Upcoming Webinar: Strategic Planning for Your Online Library Branch, May 10

An online library branch is an innovative way to provide enhanced 24-7 library services to your community.

Online library branches are also one way that many libraries are responding to rapidly advancing technologies, dynamic communications and shrinking budgets. Strategic planning is a crucial step libraries must take to ensure their online branch meets the business and technical requirements for the organization, while also addressing the needs of their multiple audiences. Seasoned strategic planners Cynthia Colmenares, CEO, Jack Frost Design and Beth Larkins, Account Manager, Jack Frost Design, will prepare you to take the first, most effective planning steps to meet these needs.

Our upcoming webinar, “Strategic Planning for Your Online Library Branch”, will be held Thursday, May 10, 2012, at 1:00-2:30 p.m. Central (Chicago) Time using Blackboard Collaborate. Registered participants will receive a link to the recorded session to rewatch at their convenience.


Individual registration fees start at $40 for ASCLA members. Groups wishing to participate in this session can register for a single login ($99), or pay just $38 per person for multiple logins (minimum 2 participants from the same library, library system or network. State libraries who are members of ASCLA receive significant savings, paying just $69 for a single login or $29 per person for multiple logins.

Register online now for these and other webinars.
Registration will remain open until close-of-business on Tuesday, May 8, 2012. Group registration information is available at the ASCLA online learning page.
Questions about registration? Contact the ALA registration team at registration@ala.org or (800) 545-2433, option 5.
To add ASCLA to your ALA membership, contact membership@ala.org.

Webinar registration ends today! “Programming for Detained and Incarcerated Youth”

Today (Tuesday) is the last day to sign up for Thursday’s ASCLA webinar, “Libraries for Detained and Incarcerated Youth 101: Programming for Detained and Incarcerated Youth”.

The webinar will be held Thursday, April 26, 2012, 12-1:30 p.m. CT. We will be recording the webinar, so if you can’t attend at this specific time, register and we’ll send you a link afterwards to rewatch it.


ABOUT THIS WEBINAR: Library environments for detained, pending placement, or incarcerated youth are different than the typical public or school library and library professionals serving them often find themselves in situations that are completely different than anything for which they are prepared. As part of a series of webinars focusing on the needs of these youth, this session will look at programming for detained and incarcerated youth. This session will be recorded and will be available to paid registrants to rewatch at their convenience!

Individual registration starts at $40 for ASCLA members.
We do offer group registration rates: $99 for a single login, and $38/person for multiple logins.
More information is at the ASCLA online learning page.

QUESTIONS? Contact the ALA Registration team at registration@ala.org or (800) 545-2433, option 5.

**Interested in library services to incarcerated youth and adults?**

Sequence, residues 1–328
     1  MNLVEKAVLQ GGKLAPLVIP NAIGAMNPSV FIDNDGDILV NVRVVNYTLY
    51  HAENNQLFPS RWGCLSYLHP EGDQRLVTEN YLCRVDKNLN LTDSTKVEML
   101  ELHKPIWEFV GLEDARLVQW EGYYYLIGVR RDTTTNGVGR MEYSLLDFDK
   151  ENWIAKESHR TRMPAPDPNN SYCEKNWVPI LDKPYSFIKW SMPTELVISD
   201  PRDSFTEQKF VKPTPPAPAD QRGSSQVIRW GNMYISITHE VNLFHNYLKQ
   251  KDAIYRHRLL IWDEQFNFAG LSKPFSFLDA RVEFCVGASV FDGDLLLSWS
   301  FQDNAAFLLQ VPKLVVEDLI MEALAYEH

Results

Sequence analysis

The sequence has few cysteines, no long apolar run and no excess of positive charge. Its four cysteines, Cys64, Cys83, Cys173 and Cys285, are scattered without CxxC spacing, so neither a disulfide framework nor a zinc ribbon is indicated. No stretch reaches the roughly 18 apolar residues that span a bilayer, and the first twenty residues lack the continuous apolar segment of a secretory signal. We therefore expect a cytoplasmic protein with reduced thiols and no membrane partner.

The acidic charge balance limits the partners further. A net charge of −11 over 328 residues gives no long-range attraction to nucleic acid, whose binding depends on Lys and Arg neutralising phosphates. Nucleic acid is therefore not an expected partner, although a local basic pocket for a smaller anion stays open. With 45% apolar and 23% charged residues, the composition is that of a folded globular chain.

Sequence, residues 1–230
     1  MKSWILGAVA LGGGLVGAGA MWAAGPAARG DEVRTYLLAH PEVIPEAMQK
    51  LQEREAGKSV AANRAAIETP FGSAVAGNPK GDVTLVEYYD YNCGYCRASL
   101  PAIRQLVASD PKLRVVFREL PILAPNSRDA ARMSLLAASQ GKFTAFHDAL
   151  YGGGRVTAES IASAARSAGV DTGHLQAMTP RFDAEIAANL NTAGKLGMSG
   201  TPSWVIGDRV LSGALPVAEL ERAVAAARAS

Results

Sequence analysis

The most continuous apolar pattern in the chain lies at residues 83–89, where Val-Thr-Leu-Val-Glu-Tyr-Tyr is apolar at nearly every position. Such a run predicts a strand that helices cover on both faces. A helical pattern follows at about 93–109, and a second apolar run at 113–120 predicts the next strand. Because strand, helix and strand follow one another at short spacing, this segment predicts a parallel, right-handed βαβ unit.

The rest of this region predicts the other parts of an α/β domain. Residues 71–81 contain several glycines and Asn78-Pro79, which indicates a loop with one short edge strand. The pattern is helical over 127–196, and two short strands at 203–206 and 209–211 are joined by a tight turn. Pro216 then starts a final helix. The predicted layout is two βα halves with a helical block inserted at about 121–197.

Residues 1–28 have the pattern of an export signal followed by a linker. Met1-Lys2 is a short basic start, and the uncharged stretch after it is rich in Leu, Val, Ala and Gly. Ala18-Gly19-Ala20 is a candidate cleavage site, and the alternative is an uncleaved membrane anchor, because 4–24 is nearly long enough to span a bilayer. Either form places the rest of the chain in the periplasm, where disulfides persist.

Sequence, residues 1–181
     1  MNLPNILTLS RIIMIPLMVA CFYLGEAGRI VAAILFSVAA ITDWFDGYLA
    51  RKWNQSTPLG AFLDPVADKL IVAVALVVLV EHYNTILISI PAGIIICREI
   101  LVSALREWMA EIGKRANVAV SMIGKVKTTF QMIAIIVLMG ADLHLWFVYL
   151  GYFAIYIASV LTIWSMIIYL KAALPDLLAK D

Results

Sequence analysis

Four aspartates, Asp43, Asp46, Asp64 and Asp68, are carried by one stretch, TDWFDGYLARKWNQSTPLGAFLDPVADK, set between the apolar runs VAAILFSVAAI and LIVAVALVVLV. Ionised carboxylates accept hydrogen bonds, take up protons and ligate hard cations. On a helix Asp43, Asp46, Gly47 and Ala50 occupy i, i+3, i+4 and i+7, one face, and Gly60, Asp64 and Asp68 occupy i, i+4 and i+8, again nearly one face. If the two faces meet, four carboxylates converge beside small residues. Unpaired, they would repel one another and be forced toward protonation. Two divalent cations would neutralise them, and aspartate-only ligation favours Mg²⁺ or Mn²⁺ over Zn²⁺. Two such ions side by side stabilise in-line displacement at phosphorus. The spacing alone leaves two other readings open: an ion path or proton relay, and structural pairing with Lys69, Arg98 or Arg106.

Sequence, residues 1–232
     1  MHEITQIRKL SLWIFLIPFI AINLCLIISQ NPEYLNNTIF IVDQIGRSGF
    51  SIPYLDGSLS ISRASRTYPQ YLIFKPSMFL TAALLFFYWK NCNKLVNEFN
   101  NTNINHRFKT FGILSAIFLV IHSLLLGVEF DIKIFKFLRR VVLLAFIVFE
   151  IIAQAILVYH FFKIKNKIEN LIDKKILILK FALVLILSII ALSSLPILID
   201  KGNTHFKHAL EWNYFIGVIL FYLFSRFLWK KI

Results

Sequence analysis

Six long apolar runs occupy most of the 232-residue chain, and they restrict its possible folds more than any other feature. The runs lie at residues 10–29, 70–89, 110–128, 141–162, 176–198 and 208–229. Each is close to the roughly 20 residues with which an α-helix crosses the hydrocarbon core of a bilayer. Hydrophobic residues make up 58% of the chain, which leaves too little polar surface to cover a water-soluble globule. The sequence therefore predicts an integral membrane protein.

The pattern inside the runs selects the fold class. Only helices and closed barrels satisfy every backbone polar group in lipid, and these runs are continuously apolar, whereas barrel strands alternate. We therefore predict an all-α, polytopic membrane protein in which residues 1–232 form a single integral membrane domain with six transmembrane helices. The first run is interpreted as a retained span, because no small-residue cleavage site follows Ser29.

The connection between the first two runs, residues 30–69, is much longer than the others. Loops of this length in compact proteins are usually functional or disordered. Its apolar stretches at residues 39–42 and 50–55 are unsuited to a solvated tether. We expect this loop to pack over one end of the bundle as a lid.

ASCLA welcomes participation in its two interest groups:

ASCLA Library Services for Youth in Custody Interest Group
ASCLA Library Services to the Incarcerated and Detained Interest Group

As a member of these groups, you can engage with peers on a variety of activities and issues related to these areas of library service. Simply log into ALA Connect, access each group using the hyperlinks above, and click “Join” on the right side of the page to get on board!

Registration for ASCLA’s online course “Improving Library Services for People with Disabilities” closes Thursday, April 19

Registration is open through close-of-business on Thursday, April 19, for “Improving Library Services for People with Disabilities”, an online course offered by the Association of Specialized and Cooperative Library Agencies (ASCLA) that prepares your library and library staff to provide effective services to all users of the library.

Providing library services to people with disabilities is a role filled by all levels of library staff. From the part-time aide checking out library materials to the library director determining policies, staff skills and attitudes are crucial for a satisfactory library experience. During this course, participants will identify library users with disabilities at their library and the resources and assistive technologies available to assist them; examine changes in attitudes, laws and technologies that have impacted people with disabilities; and will be able to recommend changes in personal and organizational behaviors to improve services for people with disabilities at their library.

This course is truly designed for all library staff, including support staff, general professional staff, age-level or subject specialists, managers and administrators. The course will begin Monday, April 23 and finish on Friday, May 18. Two live online sessions using the FlashChat feature of Moodle, the online course management system, will take place on Thursday, May 3 and Thursday, May 17, from 3-4 pm CENTRAL/Chicago Time. Students complete the remainder of the weekly coursework at their own pace.

Interested participants can register online now, register via fax or mail, or learn more about the course at the ASCLA website. Registration fees start at $130 for ASCLA members. Discounted group registration rates for two or more registrants from the same library, library system or network are available—download the group registration form. Contact ALA’s Membership and Customer Service Team with any questions about registration for this course at registration@ala.org or (800) 545-2433, option 5.

“Improving Library Services for People with Disabilities” is taught by Kate Todd, who has worked as a children’s librarian for The New York Public Library and as emerging technologies librarian for Manhattanville College. At Manhattanville College, she taught “Technology for Special Education” in the graduate school of education. She has also taught several online courses for the Association of Library Services to Children (ALSC), including “Children with Disabilities in the Library”—this new ASCLA course is the general staff counterpart to that course.

ASCLA award for innovative universal access project shared by ‘Books for Dessert’ program and ‘Digital Access Project’